Count Dracula (1977)

Though there have been numerous vampire stories, from LeFanu's chilling Carmilla to Joss Whedon's empathetic, tormented Angel, it is Bram Stoker's novel that stands above the rest in our memory. He put a name on vampirism, a name that has withstood the test of time and endured through countless film adaptations. This Masterpiece Theatre production is closer to the novel than any depictions before or since.


Jonathan Harker (Bosco Hogan) never suspects when he boards the coach into Transylvania that his journey will led him into the darker regions of the supernatural. Mystified by the strange response the knowledge of his destination elicits from the fellow passengers, he is left at the crossroads in the dark, since they have no intention of remaining in that part of the country beyond midnight (local legend states all forces of evil will be unleashed). Out of the fog comes a carriage that deposits him at the darkened doorway of an ancient castle. His host is Count Dracula (Louis Jourdan), a decidedly sinister and eccentric soul attempting to purchase property in England. Ill at ease, Jonathan looks forward to returning home, but Dracula intimidates him into remaining a month for the purpose of assisting the count in accurately speaking the English language.


Forced to write home several meek, explanatory notes for his absence, Jonathan forms the belief he is being deliberately kept prisoner. His attempts to gain assistance through local gypsies are profitless, and one night in the library he is assaulted by three beautiful but demonic women. His letters do nothing to reassure the concerns of his fiance, Mina (Judi Bowker), awaiting his return on the coast of Whitby. Her sister Lucy (Susan Penhaligon) has just accepted the marriage proposal of an American, but also harbors feelings for the practicing physician of a local mental asylum. Their latest patient is Renfield (Jack Shepherd), who collects insects and speaks of forthcoming doom, predicting a great evil will soon come to their fair shores. Shortly after a violent storm at sea finds a ship wrecked on the beach, Lucy begins to entertain nightmares. She walks in her sleep to the cliffs, where Mina sees a cloaked figure bending over her. Come the morning, Lucy remembers nothing, but has experienced a colossal loss of blood.


They call in the expertise of Professor Van Helsing (Frank Finlay) and he unearths a deadly path of bloodthirsty intentions that ultimately led him to believe Count Dracula has left his castle and now roams the wilds of England. This adaptation is about as close to the book as you will ever find, although even they take liberties with the linage of those involved. This Dracula is charming, terrifying, and ultimately villainous, taking the blood of innocents without hesitation or remorse in a carnal drive to satisfy his lust. I found him enthralling in early sequences with Jonathan, and equally charming toward the end, though his treatment of Lucy is rather barbaric. There have been entire essays written on the subtext of Stoker's novel, but this is the first movie I have seen where the vampire encounters were purposefully sexual. While Dracula feeds on Lucy, her vocal response is one of pleasure. His brides pet and caress Jonathan. Mina is hypnotized into drinking the count's blood. Dracula gives his brides a baby to feed on, and we see blood on their teeth. The staking of Lucy is quite graphic and involves spurting blood. We hear the brides screaming as they are killed. Religious artifacts play a much larger role in this film than others: crosses keep away evil, there are discussions on immortality and the afterlife, Van Helsing sanctifies the earth, and keeps back vampires with holy wafers.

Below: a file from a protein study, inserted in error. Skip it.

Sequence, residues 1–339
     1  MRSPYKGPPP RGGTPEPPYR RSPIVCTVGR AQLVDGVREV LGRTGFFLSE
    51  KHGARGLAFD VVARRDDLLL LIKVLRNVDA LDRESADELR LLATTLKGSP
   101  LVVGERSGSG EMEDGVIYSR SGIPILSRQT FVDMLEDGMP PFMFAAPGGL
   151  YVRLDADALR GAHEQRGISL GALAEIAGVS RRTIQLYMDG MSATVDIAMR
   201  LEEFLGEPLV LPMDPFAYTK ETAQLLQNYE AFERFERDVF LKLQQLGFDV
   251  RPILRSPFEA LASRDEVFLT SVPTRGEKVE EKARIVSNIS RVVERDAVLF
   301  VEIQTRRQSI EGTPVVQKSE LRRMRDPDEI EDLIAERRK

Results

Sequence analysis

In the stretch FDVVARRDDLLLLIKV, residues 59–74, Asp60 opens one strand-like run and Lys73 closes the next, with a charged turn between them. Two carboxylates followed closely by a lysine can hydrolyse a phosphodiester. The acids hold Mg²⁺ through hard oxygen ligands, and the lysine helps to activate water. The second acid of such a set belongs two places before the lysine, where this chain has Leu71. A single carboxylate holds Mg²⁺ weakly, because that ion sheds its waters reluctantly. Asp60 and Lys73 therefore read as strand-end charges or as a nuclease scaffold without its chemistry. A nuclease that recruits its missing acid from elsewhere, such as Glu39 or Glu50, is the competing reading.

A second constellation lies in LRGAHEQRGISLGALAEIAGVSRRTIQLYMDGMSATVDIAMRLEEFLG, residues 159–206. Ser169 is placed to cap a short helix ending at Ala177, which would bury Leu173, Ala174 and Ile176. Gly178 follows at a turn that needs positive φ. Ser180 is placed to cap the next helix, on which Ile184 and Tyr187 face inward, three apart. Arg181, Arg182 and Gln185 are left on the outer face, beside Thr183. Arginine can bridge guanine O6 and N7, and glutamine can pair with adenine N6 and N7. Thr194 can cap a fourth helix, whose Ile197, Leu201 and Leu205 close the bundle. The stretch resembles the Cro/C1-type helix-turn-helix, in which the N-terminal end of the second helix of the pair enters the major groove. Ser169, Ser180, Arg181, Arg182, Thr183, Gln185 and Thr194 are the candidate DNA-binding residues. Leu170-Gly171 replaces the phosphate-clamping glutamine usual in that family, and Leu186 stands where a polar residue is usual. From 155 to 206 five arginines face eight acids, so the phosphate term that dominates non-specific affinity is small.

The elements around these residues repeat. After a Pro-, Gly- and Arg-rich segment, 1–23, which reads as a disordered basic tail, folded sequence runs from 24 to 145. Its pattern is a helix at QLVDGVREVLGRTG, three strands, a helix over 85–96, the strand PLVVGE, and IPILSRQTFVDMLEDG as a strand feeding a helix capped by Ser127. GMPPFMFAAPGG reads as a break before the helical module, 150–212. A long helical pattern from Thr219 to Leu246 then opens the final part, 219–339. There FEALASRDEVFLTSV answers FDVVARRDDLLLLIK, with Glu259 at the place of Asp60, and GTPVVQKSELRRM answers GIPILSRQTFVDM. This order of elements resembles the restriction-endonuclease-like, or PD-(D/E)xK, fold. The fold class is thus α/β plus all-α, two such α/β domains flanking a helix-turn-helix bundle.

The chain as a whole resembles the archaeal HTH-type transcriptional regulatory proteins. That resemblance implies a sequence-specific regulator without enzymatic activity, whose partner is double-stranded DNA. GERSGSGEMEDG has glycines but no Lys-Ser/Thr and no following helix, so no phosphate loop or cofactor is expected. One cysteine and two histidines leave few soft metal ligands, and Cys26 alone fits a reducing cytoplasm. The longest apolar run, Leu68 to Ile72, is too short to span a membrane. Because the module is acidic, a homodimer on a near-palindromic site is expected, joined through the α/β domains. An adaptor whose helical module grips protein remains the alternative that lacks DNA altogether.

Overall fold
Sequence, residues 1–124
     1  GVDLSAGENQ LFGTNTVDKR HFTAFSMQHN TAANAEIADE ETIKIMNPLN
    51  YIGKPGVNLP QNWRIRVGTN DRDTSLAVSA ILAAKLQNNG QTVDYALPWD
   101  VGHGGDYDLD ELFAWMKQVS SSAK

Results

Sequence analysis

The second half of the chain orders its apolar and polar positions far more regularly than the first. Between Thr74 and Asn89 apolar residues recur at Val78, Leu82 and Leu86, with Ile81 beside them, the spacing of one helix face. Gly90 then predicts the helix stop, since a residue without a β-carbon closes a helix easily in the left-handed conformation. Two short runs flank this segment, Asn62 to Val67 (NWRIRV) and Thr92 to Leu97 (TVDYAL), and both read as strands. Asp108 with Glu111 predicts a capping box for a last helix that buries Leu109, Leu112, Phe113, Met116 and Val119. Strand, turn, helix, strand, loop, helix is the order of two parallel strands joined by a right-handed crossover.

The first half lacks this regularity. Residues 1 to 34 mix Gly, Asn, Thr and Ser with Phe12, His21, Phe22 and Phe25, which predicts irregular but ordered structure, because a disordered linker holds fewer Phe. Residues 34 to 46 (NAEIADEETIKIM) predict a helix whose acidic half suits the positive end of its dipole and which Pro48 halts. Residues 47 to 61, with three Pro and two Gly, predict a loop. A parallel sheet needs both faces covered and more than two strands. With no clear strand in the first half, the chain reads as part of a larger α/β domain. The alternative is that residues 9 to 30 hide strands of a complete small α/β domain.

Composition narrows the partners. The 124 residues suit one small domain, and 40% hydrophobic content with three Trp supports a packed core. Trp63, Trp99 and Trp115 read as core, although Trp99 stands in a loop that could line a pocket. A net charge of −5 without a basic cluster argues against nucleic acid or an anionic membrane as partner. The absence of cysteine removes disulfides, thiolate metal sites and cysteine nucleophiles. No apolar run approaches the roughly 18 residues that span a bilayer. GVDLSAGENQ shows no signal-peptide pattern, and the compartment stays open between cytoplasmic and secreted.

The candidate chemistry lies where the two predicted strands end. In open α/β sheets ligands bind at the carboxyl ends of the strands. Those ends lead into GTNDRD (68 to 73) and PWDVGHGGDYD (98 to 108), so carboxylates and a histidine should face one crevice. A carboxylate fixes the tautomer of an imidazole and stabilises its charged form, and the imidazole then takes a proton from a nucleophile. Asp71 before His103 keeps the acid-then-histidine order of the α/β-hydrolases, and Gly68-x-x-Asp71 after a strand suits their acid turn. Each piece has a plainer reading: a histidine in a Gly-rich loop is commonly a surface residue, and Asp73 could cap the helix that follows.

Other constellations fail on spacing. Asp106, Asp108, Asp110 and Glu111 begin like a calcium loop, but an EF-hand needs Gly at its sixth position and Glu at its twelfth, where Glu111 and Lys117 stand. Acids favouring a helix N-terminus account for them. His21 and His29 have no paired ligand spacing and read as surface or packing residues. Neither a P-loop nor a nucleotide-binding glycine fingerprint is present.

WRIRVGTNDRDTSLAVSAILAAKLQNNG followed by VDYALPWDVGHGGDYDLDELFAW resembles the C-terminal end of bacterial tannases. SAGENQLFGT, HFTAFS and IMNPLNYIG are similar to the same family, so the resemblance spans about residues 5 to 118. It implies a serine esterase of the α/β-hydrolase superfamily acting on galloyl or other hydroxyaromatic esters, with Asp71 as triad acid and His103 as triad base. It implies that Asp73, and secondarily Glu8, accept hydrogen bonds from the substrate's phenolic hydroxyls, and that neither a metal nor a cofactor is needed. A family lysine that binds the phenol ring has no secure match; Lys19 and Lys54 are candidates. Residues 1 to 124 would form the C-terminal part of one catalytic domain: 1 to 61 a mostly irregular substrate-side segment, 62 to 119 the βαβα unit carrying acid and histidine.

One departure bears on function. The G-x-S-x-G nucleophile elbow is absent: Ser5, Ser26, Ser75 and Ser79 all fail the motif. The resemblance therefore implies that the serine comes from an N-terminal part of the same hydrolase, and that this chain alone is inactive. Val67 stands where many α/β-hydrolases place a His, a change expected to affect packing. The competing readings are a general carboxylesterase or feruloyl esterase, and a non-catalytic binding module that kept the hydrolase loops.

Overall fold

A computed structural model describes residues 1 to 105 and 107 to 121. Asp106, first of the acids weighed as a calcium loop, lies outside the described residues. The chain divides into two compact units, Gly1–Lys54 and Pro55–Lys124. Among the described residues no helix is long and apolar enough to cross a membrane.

Some scenes really shine, such as Dracula meeting with Quincy and Van Helsing in the castle. Jourdan is an impressive presence on screen, beautifully laid back and intensely frightening in his deliberate actions. We have the same horror as Mina to come upon him feeding off Lucy in the graveyard. His comments about the mirror that refuses to reflect him are beautifully poetic. The miniseries seems to lag at certain points, suffering from the same problem the book has -- not enough of its title character. The filmmakers also chose to go with moody, campy special effects that ruined the intensity of its best scenes, and whoever did the sound should be shot. The eerie echoes and dream-like sequences don't add anything to the moody atmosphere. It could have been improved by eliminating those issues, but is very worth watching if you're a fan of the book.

Charity's Novels!

Get caught up on The Tudor Throne series before the final installment this summer!